Anterior cervical discectomy and fusion (ACDF) is a type of neck surgery that involves removing a damaged disc to relieve spinal cord or nerve root pressure and alleviate corresponding pain, weakness, numbness, and tingling. A discectomy is a form of surgical decompression, so the procedure may also be called an anterior cervical decompression. The surgery has 2 parts:
- Anterior cervical discectomy – The surgery is approached through the anterior, or front, of the cervical spine (neck). The disc is then removed from between two vertebral bones.
- Fusion – A fusion surgery is done at the same time as the discectomy operation in order to stabilize the cervical segment. A fusion involves placing bone graft and/or implants where the disc originally was in order to provide stability and strength to the area.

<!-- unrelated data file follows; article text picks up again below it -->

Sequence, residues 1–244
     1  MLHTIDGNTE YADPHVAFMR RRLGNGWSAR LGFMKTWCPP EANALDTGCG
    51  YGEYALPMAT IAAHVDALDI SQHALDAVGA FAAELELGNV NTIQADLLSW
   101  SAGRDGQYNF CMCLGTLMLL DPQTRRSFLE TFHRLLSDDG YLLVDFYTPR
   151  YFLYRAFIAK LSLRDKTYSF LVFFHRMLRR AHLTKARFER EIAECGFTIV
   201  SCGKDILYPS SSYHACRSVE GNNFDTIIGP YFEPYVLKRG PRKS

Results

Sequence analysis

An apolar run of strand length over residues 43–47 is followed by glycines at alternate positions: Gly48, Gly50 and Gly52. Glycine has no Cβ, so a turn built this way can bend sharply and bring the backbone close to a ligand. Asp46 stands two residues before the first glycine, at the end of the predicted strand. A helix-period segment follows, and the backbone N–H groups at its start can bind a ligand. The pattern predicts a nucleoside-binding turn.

While this surgery is most commonly done to treat symptomatic cervical herniated discs, it may also be done for cervical degenerative disc disease. It is also commonly done to remove bone spurs (osteophytes) caused by arthritis and to alleviate the symptoms associated with cervical spinal stenosis and may be done for one level, or for more than one level, of the cervical spine.